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Suburbtrends report reveals Aussie households need to earn more than $300k a year to buy an affordable home

Australians need to earn more than $300,000 a year to buy a home, according to “worrying” new housing data.

Analysing more than 22,000 property sales in October 2023, market researcher Suburbtrends’ latest report found median-priced homes in Australia are nine times the average annual income.

This means to buy an “affordable” home, Australian households would need to earn an average $301,769.

Suburbtrends used the median multiple, the global standard for housing affordability, to determine its figures.

The median multiple is the ratio of the median house price to the median annual household income.

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Using this, an affordable housing market should have a median multiple of 3.0 or less, Suburbtrends said.

Australia’s housing market has a median multiple of 9.1.

Suburbtrends said these figures highlight “a market that favours the wealthy” and the Australian dream of becoming a homeowner is “becoming a distant prospect for many”.

The research also broke down the figures for specific areas in each state and territory.

For Sydney’s Northern Beaches, the median income required to buy an “affordable” house was $600,000, while in Sydney’s outer southwest it was $292,167.

In inner Melbourne, the median income was $242,250, just slightly below Geelong’s median income of $243,333.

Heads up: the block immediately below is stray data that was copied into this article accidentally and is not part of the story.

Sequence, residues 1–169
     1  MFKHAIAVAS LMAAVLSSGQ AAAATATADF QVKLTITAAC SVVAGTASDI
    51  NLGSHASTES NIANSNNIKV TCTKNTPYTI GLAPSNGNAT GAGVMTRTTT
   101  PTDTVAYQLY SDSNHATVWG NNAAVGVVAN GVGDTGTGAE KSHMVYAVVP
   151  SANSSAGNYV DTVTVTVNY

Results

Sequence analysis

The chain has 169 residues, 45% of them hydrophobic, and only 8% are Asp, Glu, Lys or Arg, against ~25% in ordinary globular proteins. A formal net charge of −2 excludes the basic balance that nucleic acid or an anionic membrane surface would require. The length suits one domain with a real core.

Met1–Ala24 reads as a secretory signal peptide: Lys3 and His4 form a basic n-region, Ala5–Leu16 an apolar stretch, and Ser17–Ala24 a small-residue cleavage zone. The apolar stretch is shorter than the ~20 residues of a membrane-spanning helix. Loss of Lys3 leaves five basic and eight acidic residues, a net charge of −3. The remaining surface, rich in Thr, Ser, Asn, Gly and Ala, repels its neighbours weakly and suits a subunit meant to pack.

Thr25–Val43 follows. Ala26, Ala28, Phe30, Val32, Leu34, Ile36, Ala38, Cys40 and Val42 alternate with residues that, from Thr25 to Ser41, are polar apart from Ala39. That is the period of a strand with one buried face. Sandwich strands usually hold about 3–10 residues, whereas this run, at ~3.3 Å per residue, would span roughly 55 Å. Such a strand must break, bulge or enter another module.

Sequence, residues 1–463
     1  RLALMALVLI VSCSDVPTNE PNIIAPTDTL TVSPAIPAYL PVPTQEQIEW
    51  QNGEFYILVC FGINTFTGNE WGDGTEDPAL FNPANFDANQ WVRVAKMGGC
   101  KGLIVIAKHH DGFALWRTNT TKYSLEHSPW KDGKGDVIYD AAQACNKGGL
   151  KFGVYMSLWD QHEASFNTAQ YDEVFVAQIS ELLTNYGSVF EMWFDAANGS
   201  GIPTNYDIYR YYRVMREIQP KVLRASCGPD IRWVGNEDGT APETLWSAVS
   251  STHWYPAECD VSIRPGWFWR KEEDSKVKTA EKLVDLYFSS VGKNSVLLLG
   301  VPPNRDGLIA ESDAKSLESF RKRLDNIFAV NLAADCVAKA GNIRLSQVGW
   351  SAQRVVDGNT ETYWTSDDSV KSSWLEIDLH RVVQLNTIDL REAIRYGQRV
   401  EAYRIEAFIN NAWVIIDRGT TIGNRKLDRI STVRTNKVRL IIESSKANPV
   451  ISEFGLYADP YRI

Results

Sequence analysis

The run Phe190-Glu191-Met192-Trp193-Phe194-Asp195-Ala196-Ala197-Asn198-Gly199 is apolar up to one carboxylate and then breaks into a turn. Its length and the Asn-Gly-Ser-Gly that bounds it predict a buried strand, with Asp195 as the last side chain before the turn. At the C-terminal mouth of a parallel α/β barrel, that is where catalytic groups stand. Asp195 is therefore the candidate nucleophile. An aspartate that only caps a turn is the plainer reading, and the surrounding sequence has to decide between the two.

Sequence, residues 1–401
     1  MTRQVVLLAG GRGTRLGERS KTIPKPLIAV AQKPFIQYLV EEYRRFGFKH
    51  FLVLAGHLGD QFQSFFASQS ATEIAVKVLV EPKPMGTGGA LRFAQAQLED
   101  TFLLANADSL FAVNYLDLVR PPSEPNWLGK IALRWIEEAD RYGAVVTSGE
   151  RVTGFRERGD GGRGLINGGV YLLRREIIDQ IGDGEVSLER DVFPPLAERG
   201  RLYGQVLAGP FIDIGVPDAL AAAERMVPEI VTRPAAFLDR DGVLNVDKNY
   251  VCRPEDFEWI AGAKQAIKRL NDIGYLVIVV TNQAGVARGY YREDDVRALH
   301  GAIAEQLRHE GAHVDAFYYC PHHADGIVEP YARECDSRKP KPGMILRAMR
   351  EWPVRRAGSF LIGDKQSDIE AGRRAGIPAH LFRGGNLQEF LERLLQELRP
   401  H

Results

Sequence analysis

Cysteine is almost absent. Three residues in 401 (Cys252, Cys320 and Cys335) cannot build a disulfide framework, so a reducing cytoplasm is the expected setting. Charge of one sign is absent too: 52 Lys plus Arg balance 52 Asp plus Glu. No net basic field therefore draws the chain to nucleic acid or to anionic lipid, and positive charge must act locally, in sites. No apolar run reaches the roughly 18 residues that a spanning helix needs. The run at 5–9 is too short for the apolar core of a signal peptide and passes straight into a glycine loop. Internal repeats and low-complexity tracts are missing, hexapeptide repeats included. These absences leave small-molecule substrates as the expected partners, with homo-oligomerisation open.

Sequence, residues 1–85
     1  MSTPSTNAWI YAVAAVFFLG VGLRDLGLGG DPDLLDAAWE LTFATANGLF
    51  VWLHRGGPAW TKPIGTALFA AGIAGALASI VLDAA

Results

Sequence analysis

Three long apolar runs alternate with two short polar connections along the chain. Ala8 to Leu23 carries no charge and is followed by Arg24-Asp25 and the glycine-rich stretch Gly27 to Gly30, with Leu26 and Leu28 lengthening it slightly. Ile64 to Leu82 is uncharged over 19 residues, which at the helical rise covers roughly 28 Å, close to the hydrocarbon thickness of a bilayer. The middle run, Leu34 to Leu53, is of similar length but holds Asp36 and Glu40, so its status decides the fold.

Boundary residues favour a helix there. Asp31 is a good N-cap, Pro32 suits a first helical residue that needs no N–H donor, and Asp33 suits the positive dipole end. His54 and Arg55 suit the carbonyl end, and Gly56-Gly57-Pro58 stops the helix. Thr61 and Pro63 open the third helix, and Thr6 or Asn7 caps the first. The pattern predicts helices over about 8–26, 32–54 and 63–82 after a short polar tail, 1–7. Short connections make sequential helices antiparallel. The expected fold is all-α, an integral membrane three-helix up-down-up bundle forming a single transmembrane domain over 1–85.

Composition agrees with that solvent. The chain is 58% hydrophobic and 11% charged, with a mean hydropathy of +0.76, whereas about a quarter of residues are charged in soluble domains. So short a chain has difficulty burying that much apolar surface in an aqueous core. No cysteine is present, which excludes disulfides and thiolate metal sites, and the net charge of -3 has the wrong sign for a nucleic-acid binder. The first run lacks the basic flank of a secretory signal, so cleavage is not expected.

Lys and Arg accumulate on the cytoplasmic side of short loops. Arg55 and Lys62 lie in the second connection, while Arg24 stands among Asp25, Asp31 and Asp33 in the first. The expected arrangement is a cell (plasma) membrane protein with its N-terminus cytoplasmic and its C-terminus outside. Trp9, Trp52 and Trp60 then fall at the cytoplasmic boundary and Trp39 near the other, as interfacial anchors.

On the Gold Coast, an Aussie family needs to earn $282,500 a year to buy an affordable home, while those in Brisbane’s inner city would have to earn $223,333.

Suburbtrends chief analyst Kent Lardner said the research paints a “worrying scenario”.

“In Australia, homeownership is increasingly becoming a domain for the affluent,” he said.

“This isn’t merely about numbers, it’s about the erosion of the Australian dream. Homeownership is slipping out of reach for average earners.”

Lardner noted shared-equity schemes, such as the federal government’s Help To Buy initiative, are a good attempt at helping Aussies reach their goal of homeownership, however he warned it could inflate housing prices.

“While shared-equity schemes may provide immediate relief, there’s a risk they could further inflate housing prices, driving the median multiple even higher,” he said.

“Such strategies, though well-intentioned, might only serve as a short-term solution, potentially exacerbating the long-term affordability crisis.”

The Albanese government is delivering the Help To Buy Scheme as part of a 2022 election promise. Eligible home buyers can purchase a property with an equity contribution from the government.

The scheme is set to commence in 2024.

To address housing affordability, Lardner said a balanced approach needs to be taken.

“It’s crucial that we not only increase supply but also address the core problem of house prices relative to income,” he said.

“Strategies that worsen this metric could lead to greater pain in the long term.”

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